2013-09-26 / News

Family shines at Bullseye regatta

By Ken Shane


Henry Collins, 9, was aboard Yehudi, his family’s boat, during the Bullseye nationals earlier this month. The Collinses won five trophies at the regatta. 
courtesy/Elizabeth Collins Henry Collins, 9, was aboard Yehudi, his family’s boat, during the Bullseye nationals earlier this month. The Collinses won five trophies at the regatta. courtesy/Elizabeth Collins A Jamestown family took a boat that had been rescued from the scrap heap and sailed it to a second place finish in the Bullseye nationals held earlier this month at the Saunderstown Yacht Club. Three members of the Collins family, father Tim, mother Elizabeth and 9-year-old son Henry, took home five trophies in all, one for each of their three first-place finishes in the seven-race regatta, the secondplace overall trophy, and the Filial Trophy given for the best performance by a crew made up of more than one generation.

The Collins’ boat was built in 1958. Somewhere along the line it fell into disrepair and was headed for the dump when it was rescued by two local residents, John Quinn and Dick Hutchinson, about 10 years ago. After the pair restored the boat it was sold to a sailor in Saunderstown. A year later it was sold to the Collins family. There are weekend races for the class at the Saunderstown Yacht Club and the Collinses have won the season championship there for the last three years.

The Bullseye has the same hull as the Herreshoff 12.5. The major difference between the boats is that the 12.5 is wooden, and the Bullseye is made from fiberglass. In addition, the 12.5 is gaff rigged, while the Bullseye is a sloop that carries a spinnaker.

“This is a really slow keelboat that we thought would be good to teach the kids how to sail,” Tim said.

Elizabeth and Tim Collins are both experienced sailboat racers. Elizabeth sailed at the University of Rhode Island and taught sailing in Wickford and Saunderstown. Tim has been racing since he was a child in Duxbury, Mass. His experience includes high-performance sailing on boats like 470s and 505s.

According to Elizabeth, the Bullseye nationals was a two-day event, with five races on Sept. 7 and two on Sept. 8. The races were held in the West Passage just south of the Jamestown Bridge. There were 17 boats in the regatta. Several boats in the fleet came from Marion, Mass., which is a hotbed of Bullseye sailing, but there were competitors from as far away as Fisher’s Island in New York, and even Chicago. Elizabeth said there was a good breeze all weekend, but it was shifty at times.

“It’s an interesting class,” Elizabeth said. “It’s got a lot of old-timers and a lot of families. It’s a good mix of people. It was a substantially gorgeous weekend on the bay.”

The boat’s restorers gave it the name More Bad News, but when the Collins family bought it, the name was changed to Yehudi. It is Tim’s way of paying tribute to a boat that his grandfather bought to teach Tim’s mother and uncle how to sail. That little boat was a Turnabout named Yehudi, and it later became the first boat Tim ever sailed. The name comes from an old Cab Calloway song called, “Who’s Yehudi?” The original Yehudi is long gone, but the name lives on with Tim’s Bullseye.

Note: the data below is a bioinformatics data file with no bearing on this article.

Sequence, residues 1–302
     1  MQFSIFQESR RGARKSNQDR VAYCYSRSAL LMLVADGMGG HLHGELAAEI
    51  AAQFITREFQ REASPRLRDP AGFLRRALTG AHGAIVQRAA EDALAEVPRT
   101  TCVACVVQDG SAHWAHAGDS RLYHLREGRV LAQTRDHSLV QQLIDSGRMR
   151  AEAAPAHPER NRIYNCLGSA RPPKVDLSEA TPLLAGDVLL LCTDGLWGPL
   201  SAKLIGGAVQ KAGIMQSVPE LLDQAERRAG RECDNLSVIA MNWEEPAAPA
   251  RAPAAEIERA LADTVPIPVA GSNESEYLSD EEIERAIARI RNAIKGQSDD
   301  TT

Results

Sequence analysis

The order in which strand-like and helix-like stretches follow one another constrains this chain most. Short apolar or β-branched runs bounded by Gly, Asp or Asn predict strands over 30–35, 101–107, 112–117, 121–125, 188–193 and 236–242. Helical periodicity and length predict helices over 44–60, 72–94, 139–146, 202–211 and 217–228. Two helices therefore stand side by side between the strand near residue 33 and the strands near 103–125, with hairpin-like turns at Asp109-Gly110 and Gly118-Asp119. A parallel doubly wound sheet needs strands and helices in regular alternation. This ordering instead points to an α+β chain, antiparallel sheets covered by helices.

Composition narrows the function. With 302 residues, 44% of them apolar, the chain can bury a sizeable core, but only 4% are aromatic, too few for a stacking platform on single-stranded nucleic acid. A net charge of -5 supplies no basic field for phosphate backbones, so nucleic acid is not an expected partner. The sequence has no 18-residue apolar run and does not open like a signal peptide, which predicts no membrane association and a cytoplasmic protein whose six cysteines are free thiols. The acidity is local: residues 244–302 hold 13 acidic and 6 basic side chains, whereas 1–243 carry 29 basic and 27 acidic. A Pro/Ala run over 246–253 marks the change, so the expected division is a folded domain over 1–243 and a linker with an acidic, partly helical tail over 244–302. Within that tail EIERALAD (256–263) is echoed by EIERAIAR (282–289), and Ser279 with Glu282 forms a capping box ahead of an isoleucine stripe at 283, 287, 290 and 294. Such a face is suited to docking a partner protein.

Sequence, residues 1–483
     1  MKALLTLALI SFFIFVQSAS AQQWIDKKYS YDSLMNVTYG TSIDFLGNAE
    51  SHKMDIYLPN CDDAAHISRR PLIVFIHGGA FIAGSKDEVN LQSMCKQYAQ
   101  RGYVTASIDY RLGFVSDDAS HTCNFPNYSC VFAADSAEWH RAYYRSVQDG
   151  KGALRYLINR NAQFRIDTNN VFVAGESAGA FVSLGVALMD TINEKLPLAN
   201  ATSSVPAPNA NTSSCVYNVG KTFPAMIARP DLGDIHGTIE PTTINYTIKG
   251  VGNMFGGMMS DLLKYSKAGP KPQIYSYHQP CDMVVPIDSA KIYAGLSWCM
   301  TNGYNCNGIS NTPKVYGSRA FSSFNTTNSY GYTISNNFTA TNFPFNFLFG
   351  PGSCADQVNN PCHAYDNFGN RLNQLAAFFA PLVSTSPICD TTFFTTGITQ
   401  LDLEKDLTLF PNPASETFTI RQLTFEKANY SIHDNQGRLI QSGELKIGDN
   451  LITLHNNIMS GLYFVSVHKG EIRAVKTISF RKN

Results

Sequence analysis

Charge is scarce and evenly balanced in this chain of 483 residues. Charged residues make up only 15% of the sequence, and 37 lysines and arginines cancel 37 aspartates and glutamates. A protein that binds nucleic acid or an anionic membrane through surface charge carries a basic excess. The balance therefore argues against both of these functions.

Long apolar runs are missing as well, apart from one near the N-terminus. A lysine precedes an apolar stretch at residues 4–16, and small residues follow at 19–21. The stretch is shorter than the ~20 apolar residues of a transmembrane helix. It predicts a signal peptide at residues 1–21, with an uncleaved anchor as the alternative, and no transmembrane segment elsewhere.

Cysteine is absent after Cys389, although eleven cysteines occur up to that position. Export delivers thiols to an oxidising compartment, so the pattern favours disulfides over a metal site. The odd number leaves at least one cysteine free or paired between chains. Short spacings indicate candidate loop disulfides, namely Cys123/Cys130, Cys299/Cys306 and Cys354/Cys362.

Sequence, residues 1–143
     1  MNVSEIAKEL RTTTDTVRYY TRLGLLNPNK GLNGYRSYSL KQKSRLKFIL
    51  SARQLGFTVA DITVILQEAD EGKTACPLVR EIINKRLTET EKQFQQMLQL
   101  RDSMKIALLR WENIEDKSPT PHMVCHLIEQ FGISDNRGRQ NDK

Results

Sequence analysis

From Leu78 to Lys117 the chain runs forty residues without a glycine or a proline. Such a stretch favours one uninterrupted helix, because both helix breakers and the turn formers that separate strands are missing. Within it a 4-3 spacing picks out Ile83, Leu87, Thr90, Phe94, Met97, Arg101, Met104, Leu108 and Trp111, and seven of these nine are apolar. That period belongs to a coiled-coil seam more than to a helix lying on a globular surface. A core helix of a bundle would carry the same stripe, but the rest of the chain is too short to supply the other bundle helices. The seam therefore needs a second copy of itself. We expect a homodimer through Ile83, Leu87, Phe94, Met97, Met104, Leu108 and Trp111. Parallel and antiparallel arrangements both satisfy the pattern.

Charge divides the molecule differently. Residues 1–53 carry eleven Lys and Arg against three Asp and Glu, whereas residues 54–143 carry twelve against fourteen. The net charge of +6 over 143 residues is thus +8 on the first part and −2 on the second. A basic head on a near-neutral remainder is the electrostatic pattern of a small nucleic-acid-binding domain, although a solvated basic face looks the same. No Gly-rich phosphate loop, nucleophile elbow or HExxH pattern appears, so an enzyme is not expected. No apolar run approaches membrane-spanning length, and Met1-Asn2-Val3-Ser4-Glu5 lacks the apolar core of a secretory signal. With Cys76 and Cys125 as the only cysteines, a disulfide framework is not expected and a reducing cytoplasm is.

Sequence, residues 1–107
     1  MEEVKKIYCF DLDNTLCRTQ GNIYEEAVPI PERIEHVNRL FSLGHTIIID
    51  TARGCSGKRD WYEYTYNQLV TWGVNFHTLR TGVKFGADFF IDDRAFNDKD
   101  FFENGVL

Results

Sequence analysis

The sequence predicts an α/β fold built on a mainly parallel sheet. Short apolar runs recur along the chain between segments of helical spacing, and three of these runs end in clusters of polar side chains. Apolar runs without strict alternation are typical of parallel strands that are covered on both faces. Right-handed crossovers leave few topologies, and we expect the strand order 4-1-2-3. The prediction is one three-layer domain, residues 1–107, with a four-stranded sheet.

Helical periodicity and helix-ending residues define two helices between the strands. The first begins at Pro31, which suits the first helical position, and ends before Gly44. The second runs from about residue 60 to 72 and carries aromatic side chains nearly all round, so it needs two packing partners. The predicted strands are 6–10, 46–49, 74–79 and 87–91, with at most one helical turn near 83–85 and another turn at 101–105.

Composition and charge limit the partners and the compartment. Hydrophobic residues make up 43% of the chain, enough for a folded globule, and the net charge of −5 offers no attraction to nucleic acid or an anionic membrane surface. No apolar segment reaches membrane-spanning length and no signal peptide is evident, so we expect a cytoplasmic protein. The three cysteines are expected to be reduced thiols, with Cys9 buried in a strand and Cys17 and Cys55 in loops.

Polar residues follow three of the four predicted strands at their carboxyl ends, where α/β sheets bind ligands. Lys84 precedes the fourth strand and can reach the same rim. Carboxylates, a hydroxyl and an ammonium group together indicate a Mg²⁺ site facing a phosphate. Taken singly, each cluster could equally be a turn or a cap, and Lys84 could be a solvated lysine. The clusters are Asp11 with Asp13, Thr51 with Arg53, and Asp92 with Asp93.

“We got off to a slow start to the regatta but we never gave up,” Tim said. “Finishing strong was the objective, winning three of the last four races of the regatta. I have sailed in a lot of races in my life and this by far was the most satisfying to date, no matter how we finished. We improved and stayed positive throughout and I was extremely proud of our team. Hopefully these are life lessons that Henry will always appreciate.”

Henry is in the third grade at Melrose School and has been sailing since he was 6 years old. There are two other Collins children, Eloise, 7, and Truman, 4. The entire family usually sails together, but Tim and Elizabeth felt the younger children wouldn’t be able to handle the long days on the water required for the regatta.

“It was very hard,” Henry said. “It was two very big days on the water. It was kind of fun at the end though, and I’m glad I did it.”

Henry was unsure whether he wanted to race again next year, but took credit for the Filial Trophy, which was only made possible when he became the second generation to join the crew. He also said he enjoyed the dinner at the yacht club that followed the first day of racing even though he didn’t find the food particularly kid friendly.

Other Jamestown residents who took part in the regatta included Brian Welsh, who finished fifth aboard Sea Glass, and the Collie family, who were 12th on Swallow.

Tim hopes that the family will be able to take part in the nationals next year when they will be held at Fisher’s Island.

“It’s a great group of people,” Tim said. “They’re a very dedicated class, and they really only do one major regatta a year. It’s fun to meet the other competitors. I think we’ll try to make an effort to do it next year.”

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